Ragged Mountain is a privately owned ski and golf resort located on the northern side of Ragged Mountain in Danbury, New Hampshire, in the United States. It is the only New Hampshire ski resort to have a six-person chairlift. It is also the only ski resort in New Hampshire to offer a championship golf course at its base, creating year-round recreation possibilities.
Ragged Mountain is a medium-sized New England mountain with a vertical drop of 1,250 ft, which provides some extremely challenging terrain, particularly glades skiing. An unusual feature for a mountain this size is its Out of Bounds (OOB) skiing.
Ragged Mountain includes 47 trails on two main peaks, and 7 lifts, including:
- 1 Six-Pack (one Poma high speed six-person chair lift)
- 2 Triple Chairs (one Borvig/Hall, one Von-Roll/Hall)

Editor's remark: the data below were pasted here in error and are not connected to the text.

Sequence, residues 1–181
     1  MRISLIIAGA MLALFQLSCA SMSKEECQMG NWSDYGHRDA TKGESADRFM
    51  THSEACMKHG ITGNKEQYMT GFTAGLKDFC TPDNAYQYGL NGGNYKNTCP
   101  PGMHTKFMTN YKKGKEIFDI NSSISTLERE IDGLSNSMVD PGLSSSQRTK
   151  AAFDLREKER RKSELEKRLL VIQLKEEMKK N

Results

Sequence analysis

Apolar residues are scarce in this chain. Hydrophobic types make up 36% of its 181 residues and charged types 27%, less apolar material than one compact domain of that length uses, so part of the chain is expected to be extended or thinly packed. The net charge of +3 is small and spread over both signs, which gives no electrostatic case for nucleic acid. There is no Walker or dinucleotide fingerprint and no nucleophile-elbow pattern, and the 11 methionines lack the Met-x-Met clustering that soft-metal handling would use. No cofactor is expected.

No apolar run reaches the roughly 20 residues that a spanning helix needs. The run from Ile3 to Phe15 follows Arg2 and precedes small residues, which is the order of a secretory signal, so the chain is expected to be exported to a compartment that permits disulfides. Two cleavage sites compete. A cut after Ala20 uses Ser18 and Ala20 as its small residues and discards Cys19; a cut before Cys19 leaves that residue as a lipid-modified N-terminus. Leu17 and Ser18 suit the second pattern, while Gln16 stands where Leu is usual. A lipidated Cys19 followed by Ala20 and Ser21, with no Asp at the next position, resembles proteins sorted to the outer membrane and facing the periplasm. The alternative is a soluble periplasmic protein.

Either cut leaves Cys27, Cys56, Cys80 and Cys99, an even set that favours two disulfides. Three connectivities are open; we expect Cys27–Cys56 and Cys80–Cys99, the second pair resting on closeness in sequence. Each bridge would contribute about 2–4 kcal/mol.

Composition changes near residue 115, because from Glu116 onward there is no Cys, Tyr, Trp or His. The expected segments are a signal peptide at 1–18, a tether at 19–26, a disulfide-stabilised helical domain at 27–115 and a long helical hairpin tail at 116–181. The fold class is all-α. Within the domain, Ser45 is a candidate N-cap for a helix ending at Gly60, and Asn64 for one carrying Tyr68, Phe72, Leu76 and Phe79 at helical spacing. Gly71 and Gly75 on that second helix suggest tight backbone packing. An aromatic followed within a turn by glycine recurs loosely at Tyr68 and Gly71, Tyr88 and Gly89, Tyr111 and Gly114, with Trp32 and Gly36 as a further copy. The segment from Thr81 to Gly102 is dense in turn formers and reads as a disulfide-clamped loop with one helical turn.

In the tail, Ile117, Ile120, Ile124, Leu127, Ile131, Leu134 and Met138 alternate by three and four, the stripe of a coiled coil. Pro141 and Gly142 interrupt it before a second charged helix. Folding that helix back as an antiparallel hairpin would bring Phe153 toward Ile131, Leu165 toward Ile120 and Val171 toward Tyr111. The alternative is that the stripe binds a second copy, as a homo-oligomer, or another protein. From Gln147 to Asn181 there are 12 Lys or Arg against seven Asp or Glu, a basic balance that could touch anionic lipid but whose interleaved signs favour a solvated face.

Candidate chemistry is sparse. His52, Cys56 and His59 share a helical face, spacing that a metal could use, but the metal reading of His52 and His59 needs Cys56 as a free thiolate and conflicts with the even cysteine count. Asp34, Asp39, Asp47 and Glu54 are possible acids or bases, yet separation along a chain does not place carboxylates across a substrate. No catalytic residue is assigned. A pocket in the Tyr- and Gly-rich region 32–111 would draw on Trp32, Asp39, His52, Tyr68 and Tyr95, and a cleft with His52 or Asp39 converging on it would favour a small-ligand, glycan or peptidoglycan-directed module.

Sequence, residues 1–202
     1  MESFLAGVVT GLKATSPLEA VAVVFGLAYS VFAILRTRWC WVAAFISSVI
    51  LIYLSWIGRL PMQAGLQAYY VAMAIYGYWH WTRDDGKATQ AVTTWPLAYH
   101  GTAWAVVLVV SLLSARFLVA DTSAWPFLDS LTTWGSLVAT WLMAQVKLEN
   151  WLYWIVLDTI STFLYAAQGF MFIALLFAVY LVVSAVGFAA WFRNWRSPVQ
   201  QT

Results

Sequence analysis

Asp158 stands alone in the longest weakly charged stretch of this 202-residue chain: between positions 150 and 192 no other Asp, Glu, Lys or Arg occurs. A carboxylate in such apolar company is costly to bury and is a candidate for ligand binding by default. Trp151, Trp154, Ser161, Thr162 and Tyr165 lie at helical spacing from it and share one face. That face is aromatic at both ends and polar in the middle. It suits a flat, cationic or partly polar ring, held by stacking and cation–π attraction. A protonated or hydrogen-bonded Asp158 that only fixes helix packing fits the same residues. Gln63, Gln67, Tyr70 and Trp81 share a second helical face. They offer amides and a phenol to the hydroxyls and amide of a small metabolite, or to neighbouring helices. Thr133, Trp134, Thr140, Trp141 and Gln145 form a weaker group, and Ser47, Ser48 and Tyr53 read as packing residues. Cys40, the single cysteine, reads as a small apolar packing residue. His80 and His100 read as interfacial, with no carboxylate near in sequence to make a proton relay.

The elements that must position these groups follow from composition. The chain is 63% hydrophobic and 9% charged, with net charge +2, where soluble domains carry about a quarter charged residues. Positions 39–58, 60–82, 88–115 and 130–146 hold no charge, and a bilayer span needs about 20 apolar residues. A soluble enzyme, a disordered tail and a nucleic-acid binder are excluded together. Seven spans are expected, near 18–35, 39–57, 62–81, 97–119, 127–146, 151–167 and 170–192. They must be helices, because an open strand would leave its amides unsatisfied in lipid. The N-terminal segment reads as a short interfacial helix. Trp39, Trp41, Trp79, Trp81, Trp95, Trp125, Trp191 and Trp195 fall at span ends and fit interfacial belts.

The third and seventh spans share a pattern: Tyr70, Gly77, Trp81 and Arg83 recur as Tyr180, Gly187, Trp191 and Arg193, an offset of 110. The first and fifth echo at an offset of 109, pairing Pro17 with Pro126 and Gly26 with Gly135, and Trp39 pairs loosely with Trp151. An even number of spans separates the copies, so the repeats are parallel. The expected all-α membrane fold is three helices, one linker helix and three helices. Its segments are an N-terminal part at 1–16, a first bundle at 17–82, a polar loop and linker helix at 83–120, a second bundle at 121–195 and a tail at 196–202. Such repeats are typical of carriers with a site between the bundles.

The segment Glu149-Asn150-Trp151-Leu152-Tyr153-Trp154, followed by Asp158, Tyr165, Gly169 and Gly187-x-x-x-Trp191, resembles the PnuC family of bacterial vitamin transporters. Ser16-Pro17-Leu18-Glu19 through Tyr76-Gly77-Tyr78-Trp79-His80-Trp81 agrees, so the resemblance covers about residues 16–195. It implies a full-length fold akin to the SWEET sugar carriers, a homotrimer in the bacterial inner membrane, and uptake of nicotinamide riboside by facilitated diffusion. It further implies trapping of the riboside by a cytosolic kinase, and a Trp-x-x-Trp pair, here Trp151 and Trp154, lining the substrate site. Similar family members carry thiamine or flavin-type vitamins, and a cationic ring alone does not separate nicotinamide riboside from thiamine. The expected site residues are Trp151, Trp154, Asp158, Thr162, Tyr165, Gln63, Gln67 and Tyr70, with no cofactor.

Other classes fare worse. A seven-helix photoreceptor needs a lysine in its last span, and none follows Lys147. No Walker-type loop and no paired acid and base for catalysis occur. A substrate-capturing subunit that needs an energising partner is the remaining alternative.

- 1 Double Chair (one Hall)
- 2 Rope Tows
- 1 Wonder Carpet Express
Ragged Mountain was purchased in 2007 by RMR-Pacific, LLC, an affiliate of Utah resort developer Pacific Group. The ownership group invested over $3 million in renovations including lodge renovations, upgrades to the snowmaking capacity and several new dining options including a brick oven pizzeria and tavern located in the west lodge.
Renovations in 2008 include increased water for snowmaking, a larger grooming fleet, more glade skiing, an all-new restaurant (the “Overlook Bistro”) and terrain park (“Wild Woods”). The Overlook Bistro offers upscale dining in the upstairs of the base lodge, while Wild Woods gives snowboarders an all-natural terrain park featuring natural cliff drops.
In 2007, Ragged Mountain Resort announced that it had begun the process to become designated a Certified Audubon Signature Sanctuary. The designation is bestowed by Audubon International to “communities that integrate an ecosystem approach to construction and management; and provide environmental education for those that live, work and recreate in the community,” according to the governing body’s written materials.
Ragged Mountain has applied for the Silver Signature level of certification which Audubon only grants when it can be involved before the construction of infrastructure has begun in order to provide critical input in the design phase, and guidance as the design takes the form of construction.